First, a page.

The past few weeks in books 2/10/17

by | Feb 10, 2017 | Uncategorized | 3 comments

We’ve had some weather. I’m on Instagram @NathanBransford

Well, it’s certainly been an interesting few weeks, and I have accordingly collected some interesting articles and blog posts that caught my eye. It wouldn’t be fair to hoard them myself, so here they are!

Oh, publishing industry assistants. Underpaid, overqualified, rejecting everything in sight. Jessica Faust has an ode to you.

Congrats to the Edgar Award nominees! (That’s the one for the mysteries).

Want to hire a freelance editor? Here are 5 things you should do first.

One of the best ways to find an agent is via a referral. But how do you get one? Agent Wendy Lawton has great advice on the key: invest in other writers over a long period of time.

Agent Jessica Faust has some advice on writing in difficult times (as nearly everyone finds our current era).

How does one become as prolific as Isaac Asmiov? Charles Chu plundered his autobiography for tips on never running out of ideas, including one great idea: don’t fight getting stuck, work on something else for a while.

The NY Times had some great interviews with interesting authors lately, including John Edgar Wideman and Roxane Gay.

And this publishing industry article by Mike Shatzkin is super wonky as always, but it has an important central thesis: ebook sales probably aren’t slowing down, and Amazon is still gobbling everything.

In politics and books news, Philip Roth had some thoughts on the parallels between his 2004 book The Plot Against America, which imagined FDR losing the 1940 to surprise populist/Nazi sympathizer Charles Lindbergh, and our current surprise populist president. Roth thought it was more comprehensible that Lindbergh could have won in 1940 than Trump today.

And the NY Times took a fresh look at the parallels between our present time and Sinclair Lewis’ novel It Can’t Happen Here, which imagined a populist president coming to power in the 1930s.

Both of these books, incidentally, are selling like hotcakes on Amazon at the moment.

And in politics and culture news, is Netflix and the niche-ificaiton of media (I made up that phrase) deepening our cultural echo chambers?

Editor Joy Peskin bravely slammed Simon & Schuster for giving Milo Yiannopoulos a book deal, a rare example of on-the-record intra-publishing criticism.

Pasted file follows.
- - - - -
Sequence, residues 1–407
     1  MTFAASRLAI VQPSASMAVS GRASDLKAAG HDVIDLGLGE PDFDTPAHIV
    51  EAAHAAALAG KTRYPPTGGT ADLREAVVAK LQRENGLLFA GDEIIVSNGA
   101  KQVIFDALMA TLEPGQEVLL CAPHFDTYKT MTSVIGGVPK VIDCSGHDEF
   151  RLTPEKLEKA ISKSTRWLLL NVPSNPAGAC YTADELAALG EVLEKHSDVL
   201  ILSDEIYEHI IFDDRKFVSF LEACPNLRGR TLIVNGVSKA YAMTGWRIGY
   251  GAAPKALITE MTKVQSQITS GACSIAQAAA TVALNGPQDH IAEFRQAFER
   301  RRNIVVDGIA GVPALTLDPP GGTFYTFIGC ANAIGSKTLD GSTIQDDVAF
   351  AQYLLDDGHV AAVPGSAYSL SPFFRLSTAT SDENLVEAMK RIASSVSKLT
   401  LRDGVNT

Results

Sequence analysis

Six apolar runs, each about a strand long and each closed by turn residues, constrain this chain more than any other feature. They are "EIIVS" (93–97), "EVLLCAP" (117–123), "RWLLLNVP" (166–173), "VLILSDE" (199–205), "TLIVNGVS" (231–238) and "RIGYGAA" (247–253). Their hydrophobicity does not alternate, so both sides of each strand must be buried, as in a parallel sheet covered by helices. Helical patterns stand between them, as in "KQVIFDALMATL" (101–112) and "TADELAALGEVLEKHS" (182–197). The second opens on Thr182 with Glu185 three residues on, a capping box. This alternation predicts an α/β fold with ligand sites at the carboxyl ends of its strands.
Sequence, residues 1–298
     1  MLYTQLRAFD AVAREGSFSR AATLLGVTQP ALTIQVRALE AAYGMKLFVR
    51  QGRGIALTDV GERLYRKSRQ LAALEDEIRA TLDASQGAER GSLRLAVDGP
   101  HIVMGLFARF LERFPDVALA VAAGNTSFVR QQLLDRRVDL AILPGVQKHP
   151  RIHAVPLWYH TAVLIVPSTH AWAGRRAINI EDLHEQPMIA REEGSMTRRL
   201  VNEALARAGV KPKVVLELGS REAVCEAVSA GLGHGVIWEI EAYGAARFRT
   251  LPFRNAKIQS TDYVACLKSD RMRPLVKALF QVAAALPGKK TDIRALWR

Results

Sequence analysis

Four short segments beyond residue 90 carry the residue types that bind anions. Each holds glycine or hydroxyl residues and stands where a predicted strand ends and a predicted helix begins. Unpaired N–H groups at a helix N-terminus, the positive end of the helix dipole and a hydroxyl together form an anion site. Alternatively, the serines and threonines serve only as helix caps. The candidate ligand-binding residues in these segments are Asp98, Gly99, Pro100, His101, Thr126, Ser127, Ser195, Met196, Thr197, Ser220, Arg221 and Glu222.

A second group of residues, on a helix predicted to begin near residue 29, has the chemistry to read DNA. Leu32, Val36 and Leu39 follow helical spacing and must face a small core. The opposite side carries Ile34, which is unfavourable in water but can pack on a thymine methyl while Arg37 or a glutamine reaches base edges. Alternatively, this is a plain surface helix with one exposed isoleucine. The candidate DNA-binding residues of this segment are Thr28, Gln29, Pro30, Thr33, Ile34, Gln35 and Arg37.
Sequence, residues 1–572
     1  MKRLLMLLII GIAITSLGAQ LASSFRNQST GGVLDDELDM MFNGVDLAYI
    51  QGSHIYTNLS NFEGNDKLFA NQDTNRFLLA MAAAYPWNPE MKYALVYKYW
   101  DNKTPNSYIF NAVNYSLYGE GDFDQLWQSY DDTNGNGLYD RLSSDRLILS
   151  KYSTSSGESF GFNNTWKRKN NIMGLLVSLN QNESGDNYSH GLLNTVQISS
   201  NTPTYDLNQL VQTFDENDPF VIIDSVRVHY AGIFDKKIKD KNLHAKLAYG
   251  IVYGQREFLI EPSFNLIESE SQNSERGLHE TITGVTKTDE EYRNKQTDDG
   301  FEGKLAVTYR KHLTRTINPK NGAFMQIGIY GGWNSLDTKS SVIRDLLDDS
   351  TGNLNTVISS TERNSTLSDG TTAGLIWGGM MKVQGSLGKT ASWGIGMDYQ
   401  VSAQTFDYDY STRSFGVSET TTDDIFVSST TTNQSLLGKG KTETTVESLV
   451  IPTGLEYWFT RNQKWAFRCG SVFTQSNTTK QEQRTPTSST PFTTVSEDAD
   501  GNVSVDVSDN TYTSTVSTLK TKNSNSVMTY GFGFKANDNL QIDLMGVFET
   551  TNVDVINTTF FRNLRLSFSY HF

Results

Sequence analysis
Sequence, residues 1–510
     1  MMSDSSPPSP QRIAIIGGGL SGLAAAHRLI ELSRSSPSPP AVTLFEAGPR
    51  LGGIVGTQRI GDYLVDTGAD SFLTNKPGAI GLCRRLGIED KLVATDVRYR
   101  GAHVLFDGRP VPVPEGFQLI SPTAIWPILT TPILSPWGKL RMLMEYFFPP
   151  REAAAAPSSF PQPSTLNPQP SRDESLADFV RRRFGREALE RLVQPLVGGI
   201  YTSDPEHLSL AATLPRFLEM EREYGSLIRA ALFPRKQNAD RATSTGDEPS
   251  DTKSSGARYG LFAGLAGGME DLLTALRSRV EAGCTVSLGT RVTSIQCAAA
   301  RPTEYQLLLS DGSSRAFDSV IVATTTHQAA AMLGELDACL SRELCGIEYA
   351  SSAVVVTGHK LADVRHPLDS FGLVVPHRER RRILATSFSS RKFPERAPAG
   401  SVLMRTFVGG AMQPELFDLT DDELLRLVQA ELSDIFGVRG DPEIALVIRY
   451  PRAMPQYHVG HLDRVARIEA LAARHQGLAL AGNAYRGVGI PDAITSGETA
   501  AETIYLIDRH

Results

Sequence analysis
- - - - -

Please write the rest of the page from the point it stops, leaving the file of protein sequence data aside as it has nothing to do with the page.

Slate had a look at how reality TV narratives (including my beloved The Bachelor) help explain Donald Tump.

And in quite the sign of the times, the New Yorker wants you to know it has a way to submit tips completely securely.

Comment! of! the! week! goes to David, whose brevity in response to “How are you doing?” is a great example of doing a lot with a few words:

No longer unspeakably depressed. Just grimly resigned.

And finally, if you need some inspiration for the weekend, my friend Maya Neria has an awesome post on Medium about the power of believing in change.

Have a great weekend!


  1. Anonymous

    Of course I understand why S&S gave Milo Y a book deal, but it's always such a shame when a clown and court jester like Milo Y gets more attention than an author with talent.

  2. Neil Larkins

    Hey, I got a new reply. My old one was "I'm doing OK but I'm sure I'll get over it." Thanks, David.


    Charles Lindberg joined the USAAF during WW2 and distinguished himself flying P38 Lightnings against the Japanese in the Pacific. He also advised on warplane construction, as outlined in the excellent book THE ARSENAL OF DEMOCRACY. The Donald is a bit old for such a turnaround of course!


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Hi, I’m Nathan. I’m the author of How to Write a Novel and the Jacob Wonderbar series, which was published by Penguin. I used to be a literary agent at Curtis Brown Ltd. and I’m dedicated to helping authors chase their dreams. Let me help you with your book!

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